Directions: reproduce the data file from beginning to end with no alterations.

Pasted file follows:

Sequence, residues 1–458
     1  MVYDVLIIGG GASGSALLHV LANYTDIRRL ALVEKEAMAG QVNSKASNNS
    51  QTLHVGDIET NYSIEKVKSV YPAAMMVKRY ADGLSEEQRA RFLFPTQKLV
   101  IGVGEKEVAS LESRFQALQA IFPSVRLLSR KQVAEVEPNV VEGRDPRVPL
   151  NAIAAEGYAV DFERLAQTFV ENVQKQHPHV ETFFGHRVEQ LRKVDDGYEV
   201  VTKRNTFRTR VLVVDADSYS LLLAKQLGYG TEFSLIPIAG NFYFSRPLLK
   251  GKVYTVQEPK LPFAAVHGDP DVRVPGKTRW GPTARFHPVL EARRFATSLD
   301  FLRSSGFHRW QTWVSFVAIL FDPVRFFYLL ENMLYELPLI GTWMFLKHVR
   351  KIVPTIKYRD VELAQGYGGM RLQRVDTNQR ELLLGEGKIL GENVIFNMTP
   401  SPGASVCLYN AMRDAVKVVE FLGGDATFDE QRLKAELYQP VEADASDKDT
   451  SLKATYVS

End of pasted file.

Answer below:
Sequence, residues 1–458
     1  MVYDVLIIGG GASGSALLHV LANYTDIRRL ALVEKEAMAG QVNSKASNNS
    51  QTLHVGDIET NYSIEKVKSV YPAAMMVKRY ADGLSEEQRA RFLFPTQKLV
   101  IGVGEKEVAS LESRFQALQA IFPSVRLLSR KQVAEVEPNV VEGRDPRVPL
   151  NAIAAEGYAV DFERLAQTFV ENVQKQHPHV ETFFGHRVEQ LRKVDDGYEV
   201  VTKRNTFRTR VLVVDADSYS LLLAKQLGYG TEFSLIPIAG NFYFSRPLLK
   251  GKVYTVQEPK LPFAAVHGDP DVRVPGKTRW GPTARFHPVL EARRFATSLD
   301  FLRSSGFHRW QTWVSFVAIL FDPVRFFYLL ENMLYELPLI GTWMFLKHVR
   351  KIVPTIKYRD VELAQGYGGM RLQRVDTNQR ELLLGEGKIL GENVIFNMTP
   401  SPGASVCLYN AMRDAVKVVE FLGGDATFDE QRLKAELYQP VEADASDKDT
   451  SLKATYVS